The Place: Pho Thu Do is one of at least a dozen Vietnamese restaurants in Chinatown, many of which have the word “pho” in their names. My personal favourite go-to place for traditional long-simmered “build-your-own” Vietnamese noodle soup recently relocated a few doors west of its former spot at 765 Somerset. The new place is equally sparse, but this one is brighter, more open, and probably twice as big, situated on a single level rather than the quirky two-tiered layout of the original. According to one of the staff, we may see further expansion when the space next door becomes available.
The Deal: One of the charms of Pho Thu Do has always been the straight-forward menu: a couple of dozen varieties of pho and one type of springroll, available in sets of two or four. That’s it. Presumably more space in the kitchen inspired the staff to expand the menu to include broken rice and cold vermicelli salads (Bun), topped with a selection of marinated grilled meats, shrimp, or egg. There are vegetarian versions as well. And if fresh salad rolls and deep fried wontons were on the old menu, I have no memory of it.
The Dish: Popping into the new location for the first time, I was tempted to try one of the new dishes. But once I caught a whiff of that gorgeous mahogany-hued soup broth, I decided to stick with Pho Tai, beef broth noodle soup topped with medium rare beef slices. It is everything pho should be and satisfies on every level: the broth is clear and rich and softly fragrant; the noodles are silky, slippery, and supremely slurp-able; the steaming bowls are generous in size, served quickly and piping hot.; the herbs and sprouts are fresh and abundant; and the tender beef slices are thin, cooking in seconds in the hot broth. One little quibble: I was served a wedge of lemon rather than lime which is, to my mind, key.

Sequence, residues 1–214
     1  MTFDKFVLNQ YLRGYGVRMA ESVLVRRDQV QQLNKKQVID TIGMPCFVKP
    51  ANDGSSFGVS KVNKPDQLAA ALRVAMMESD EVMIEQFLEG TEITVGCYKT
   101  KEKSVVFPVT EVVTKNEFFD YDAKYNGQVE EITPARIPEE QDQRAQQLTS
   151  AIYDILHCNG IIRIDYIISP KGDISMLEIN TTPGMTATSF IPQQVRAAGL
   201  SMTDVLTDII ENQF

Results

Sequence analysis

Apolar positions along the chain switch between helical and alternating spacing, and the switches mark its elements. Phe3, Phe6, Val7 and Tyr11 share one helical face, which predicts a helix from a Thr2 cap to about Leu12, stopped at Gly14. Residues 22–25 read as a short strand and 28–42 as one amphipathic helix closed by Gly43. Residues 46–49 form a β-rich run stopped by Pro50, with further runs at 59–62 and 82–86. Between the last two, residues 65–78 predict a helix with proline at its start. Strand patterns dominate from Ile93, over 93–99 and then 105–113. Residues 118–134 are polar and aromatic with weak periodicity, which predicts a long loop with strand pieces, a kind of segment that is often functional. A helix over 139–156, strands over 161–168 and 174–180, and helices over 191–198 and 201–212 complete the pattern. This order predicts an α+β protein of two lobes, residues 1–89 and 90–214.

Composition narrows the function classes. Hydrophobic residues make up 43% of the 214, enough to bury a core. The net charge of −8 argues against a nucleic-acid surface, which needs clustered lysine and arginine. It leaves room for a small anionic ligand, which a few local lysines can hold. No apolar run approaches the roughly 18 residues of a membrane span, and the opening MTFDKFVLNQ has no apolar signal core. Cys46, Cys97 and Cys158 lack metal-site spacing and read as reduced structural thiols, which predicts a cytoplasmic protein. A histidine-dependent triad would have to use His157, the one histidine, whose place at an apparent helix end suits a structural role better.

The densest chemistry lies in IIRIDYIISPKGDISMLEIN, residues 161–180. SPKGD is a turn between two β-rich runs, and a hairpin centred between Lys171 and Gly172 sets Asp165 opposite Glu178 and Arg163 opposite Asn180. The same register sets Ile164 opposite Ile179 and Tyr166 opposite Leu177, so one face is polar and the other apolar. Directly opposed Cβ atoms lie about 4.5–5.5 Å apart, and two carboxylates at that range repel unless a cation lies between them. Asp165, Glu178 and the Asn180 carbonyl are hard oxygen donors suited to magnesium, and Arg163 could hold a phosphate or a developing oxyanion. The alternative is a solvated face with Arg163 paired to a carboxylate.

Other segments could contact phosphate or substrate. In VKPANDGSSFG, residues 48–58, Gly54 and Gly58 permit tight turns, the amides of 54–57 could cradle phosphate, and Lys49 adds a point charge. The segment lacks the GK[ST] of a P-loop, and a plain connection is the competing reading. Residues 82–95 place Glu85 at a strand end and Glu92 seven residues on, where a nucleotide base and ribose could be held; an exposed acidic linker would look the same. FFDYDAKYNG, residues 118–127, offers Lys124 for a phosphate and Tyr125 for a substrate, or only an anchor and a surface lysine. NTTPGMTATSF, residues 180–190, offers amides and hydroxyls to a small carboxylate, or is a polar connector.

A visit to Pho Thu Do is not complete without an order of their fabulous shrimp spring rolls, which remind me very much of Nem served in France: the pastry wrapper is crackly and bubbly rather than sheet-like. It is deeply bronzed and bursting with flavour, both crispy and chewy at once. Wrapped in a leaf of lettuce (next time I’ll ask for mint as well) and dunked in a nicely balanced nuac cham, these little guys are a don’t-miss.
So what if my teapot and lid were mismatched, the tea was exceptionally delicious. There may be more elbow room and menu items at the new Pho Thu Do, but it feels familiar in all the important ways.
Pho Thu Do, 781 Somerset St. W., 613-567-1188, www.phothudo.com